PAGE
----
What can I do?
Before you buy, stop and think about the low or no waste waste options.
Considering the packaging of the item is a good place to start to ‘buy less’. Thinking about potential alternatives can include: choosing the item with the least amount of packaging, switching from plastic to paper packaging, or even choosing loose product with no packaging at the grocers or a bulk food store.
For reusable products it’s better to purchase something that’s designed to last forever than it is to purchase something that will need replacing regularly.
There’s a changing attitude towards buying new items. Many people now take the approach of asking themselves, ‘do I really need this? Or do I already have something that will serve the same purpose? Can I borrow it from a friend or family member instead of buying it brand new?’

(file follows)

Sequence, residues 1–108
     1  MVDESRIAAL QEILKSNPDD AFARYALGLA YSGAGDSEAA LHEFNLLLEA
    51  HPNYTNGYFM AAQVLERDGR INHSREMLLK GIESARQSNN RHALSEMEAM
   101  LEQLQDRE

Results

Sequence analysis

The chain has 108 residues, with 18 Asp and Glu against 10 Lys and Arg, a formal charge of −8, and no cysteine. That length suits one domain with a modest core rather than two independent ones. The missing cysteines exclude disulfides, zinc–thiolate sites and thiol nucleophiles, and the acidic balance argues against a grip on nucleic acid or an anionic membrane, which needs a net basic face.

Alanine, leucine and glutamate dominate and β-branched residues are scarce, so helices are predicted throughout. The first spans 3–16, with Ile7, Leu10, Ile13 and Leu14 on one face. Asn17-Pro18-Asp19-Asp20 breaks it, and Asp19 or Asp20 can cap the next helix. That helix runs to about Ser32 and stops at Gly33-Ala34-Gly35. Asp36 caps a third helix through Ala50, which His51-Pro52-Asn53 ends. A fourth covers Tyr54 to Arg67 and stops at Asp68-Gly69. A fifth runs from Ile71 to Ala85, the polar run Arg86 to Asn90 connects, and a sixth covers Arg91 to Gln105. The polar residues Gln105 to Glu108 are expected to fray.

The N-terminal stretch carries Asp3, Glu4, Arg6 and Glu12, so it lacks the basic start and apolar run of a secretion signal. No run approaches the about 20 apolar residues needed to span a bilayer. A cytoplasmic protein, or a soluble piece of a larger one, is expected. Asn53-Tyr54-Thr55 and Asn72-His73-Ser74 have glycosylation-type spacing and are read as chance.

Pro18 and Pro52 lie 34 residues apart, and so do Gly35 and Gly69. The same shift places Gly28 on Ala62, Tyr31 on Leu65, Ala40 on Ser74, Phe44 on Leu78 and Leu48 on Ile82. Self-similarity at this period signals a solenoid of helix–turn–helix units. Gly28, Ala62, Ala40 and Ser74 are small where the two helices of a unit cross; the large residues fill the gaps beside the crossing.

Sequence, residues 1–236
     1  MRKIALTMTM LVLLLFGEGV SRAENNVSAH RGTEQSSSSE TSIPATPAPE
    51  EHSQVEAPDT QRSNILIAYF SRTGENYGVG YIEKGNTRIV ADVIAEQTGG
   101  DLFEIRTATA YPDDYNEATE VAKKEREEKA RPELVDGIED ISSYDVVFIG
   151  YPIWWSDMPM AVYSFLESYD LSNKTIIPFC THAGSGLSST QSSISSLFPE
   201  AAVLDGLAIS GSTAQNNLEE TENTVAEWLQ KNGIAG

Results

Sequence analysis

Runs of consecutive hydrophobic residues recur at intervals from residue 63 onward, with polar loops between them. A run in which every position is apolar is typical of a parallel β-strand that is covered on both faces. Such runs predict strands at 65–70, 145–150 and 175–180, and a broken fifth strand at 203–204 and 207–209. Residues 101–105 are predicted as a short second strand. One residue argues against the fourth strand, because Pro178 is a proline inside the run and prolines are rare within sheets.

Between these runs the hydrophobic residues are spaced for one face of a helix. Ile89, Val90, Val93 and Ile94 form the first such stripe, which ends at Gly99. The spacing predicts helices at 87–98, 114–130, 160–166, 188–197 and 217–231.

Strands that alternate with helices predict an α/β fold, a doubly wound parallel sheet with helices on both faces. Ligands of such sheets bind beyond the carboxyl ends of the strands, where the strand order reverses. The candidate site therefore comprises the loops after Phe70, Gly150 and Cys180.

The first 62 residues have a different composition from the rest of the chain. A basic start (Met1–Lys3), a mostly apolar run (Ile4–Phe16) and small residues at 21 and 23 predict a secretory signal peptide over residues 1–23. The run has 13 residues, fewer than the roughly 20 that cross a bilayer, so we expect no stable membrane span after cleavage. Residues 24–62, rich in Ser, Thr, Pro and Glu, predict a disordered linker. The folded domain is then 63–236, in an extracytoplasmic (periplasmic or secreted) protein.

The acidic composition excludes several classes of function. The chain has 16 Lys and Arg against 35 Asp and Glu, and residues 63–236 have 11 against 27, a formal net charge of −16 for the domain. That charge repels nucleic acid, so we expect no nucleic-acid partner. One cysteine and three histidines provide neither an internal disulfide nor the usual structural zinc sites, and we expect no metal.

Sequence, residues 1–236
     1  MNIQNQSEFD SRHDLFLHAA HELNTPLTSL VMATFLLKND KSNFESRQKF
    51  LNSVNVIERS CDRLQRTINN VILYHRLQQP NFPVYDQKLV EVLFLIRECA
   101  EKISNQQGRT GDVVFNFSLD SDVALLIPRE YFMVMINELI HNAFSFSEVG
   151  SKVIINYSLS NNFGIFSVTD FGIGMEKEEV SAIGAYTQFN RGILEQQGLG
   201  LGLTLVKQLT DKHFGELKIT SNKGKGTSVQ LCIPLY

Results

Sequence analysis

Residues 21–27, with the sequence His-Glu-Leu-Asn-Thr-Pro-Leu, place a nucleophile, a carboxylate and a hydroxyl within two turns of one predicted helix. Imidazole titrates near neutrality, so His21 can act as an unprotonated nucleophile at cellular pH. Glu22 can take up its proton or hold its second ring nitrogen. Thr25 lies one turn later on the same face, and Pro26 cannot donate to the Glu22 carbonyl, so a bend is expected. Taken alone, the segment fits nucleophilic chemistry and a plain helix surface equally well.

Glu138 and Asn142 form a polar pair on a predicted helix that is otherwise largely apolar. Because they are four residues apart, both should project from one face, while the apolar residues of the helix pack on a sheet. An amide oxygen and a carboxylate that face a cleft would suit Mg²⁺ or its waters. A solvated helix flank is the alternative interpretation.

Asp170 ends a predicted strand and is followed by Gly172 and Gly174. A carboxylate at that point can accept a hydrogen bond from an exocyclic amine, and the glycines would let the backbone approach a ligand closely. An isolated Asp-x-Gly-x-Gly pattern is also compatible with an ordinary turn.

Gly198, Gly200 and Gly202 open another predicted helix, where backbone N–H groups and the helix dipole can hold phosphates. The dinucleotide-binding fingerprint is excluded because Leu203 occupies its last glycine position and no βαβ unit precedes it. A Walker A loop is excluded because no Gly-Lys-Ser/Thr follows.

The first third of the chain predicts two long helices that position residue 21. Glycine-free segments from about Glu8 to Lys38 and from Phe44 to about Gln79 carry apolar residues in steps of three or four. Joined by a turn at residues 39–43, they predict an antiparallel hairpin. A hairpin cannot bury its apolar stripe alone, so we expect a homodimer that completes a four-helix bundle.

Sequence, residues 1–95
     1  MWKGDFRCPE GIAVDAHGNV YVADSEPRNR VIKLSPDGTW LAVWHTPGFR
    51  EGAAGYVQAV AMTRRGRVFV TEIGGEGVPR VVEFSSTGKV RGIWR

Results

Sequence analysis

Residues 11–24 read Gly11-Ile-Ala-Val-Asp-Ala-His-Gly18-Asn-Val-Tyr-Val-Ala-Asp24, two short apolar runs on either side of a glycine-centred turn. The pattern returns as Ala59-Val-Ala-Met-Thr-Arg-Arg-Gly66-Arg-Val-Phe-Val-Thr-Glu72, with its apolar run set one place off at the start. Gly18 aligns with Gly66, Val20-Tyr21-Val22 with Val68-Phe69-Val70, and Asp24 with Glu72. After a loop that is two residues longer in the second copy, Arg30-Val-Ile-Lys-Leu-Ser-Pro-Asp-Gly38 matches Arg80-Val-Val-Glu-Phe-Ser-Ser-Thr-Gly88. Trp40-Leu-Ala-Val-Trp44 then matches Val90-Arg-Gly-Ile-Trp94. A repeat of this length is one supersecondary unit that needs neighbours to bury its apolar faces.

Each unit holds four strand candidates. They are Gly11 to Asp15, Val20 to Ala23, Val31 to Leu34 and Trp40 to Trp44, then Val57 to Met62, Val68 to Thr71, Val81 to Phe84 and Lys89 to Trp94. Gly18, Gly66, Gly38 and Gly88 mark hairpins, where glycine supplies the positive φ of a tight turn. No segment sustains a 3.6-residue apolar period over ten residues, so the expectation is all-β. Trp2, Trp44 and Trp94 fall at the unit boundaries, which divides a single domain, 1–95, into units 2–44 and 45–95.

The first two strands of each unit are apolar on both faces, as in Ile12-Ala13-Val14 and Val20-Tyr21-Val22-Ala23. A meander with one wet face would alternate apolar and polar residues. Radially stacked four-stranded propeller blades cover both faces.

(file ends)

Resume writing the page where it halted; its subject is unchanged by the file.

What’s the next step?
‘Buy nothing’ groups on Facebook can be a great resource for swapping a new purchase for a borrowed item eliminating the need to buy unnecessary items, or choosing to shop for secondhand items can reduce waste going to landfills (and save you some money!).
Many people are aiming for ‘zero waste’ by choosing to refuse any products that would likely end up in landfill. It’s worthwhile researching terms such as “planned obsolescence”, “perceived obsolescence”, and “circular economy”, if you are aiming for an empty bin!
What impact will that have?
- Buying less will reduce the resources used to create new products. For each 1kg of rubbish created at home, up to 70kg can be created upstream.
- Buying secondhand, sharing or not buying at all can save you lots of money in the long run!
What more can I do?
Want some tips to find out how you can reduce plastic waste? The good news is, anyone can get involved. You can start out small, or really challenge yourself! Get inspired using the smorgasbord of ideas at plasticfreejuly.org